Marianna Kudlyak is an economist at the Federal Reserve Bank of Richmond. Devin Reilly is a research associate in the bank's research department. Stephen Slivinski is senior editor of the bank's quarterly magazine, Region Focus.

Additional Resources

Shimer, Robert. "Why is the U.S. Unemployment Rate So Much Lower?" NBER Macroeconomics Annual 1998, vol. 13, pp. 11-74.

Elsby, Michael, Bart Hobijn and Aysegul Sahin. "The Labor Market in the Great Recession." Federal Reserve Bank of San Francisco Working Paper 2010-07, March 2010. (Link revised April 2017.)


All of the numbers in this section pertain to the nonfarm business sector (NBS).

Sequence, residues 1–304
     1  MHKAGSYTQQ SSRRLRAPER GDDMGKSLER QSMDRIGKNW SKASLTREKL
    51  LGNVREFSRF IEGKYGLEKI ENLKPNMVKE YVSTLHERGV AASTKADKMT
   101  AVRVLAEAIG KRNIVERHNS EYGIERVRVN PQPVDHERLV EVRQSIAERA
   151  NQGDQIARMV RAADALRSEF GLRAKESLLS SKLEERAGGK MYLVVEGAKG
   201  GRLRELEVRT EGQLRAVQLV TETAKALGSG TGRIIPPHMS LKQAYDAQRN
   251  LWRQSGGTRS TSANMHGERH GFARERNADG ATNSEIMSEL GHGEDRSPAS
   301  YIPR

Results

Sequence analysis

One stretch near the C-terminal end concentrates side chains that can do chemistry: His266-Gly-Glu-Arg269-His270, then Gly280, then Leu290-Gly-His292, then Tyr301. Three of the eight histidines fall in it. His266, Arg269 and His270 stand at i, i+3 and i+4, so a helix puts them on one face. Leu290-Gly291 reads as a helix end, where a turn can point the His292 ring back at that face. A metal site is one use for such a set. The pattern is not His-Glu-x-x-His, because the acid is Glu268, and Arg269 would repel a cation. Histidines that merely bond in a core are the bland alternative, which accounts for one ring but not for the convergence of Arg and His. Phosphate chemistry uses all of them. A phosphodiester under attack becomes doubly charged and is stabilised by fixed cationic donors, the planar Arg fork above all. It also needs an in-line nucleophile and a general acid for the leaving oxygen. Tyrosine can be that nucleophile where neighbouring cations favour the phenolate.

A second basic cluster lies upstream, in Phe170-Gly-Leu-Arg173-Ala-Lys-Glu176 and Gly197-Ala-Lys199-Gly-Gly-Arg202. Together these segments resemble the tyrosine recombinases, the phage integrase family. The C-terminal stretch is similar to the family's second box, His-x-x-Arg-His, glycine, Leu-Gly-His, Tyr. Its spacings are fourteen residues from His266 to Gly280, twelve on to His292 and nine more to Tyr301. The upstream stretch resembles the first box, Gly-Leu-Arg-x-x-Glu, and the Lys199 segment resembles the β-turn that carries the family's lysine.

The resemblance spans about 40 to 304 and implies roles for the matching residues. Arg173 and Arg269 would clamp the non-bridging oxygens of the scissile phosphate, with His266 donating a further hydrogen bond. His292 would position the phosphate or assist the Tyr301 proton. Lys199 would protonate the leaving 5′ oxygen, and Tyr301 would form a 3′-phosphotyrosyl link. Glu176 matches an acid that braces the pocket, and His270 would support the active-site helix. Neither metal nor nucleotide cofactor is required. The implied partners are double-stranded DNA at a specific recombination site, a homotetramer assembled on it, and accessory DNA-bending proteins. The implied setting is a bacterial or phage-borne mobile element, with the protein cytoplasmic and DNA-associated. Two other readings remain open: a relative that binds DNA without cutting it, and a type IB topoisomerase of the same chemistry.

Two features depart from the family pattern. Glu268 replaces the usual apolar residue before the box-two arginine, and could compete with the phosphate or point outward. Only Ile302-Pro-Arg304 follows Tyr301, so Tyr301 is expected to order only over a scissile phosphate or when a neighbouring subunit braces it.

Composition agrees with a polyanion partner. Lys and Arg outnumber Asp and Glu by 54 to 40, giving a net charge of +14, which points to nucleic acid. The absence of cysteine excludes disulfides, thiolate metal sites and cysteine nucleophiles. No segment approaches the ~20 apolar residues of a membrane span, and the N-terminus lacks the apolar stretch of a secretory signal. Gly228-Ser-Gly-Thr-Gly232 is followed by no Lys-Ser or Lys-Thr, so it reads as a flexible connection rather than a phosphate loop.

Based on the most recently available quarterly data available at time of publication.


See Robert Shimer, "Why is the U.S. Unemployment Rate So Much Lower?" NBER Macroeconomics Annual 1998, vol. 13, pp. 11-74. This article provides a compelling argument for why the unemployment rate should be adjusted for age composition but not for education composition of the labor force.


For an example of this, see Michael Elsby, Bart Hobijn, and Aysegül Sahin, "The Labor Market in the Great Recession," unpublished manuscript, March 2010.


Note that the decline of LFP rate from its peak in 2000 cannot be explained by an increase in the number of those who want a job but are counted as outside of the labor force.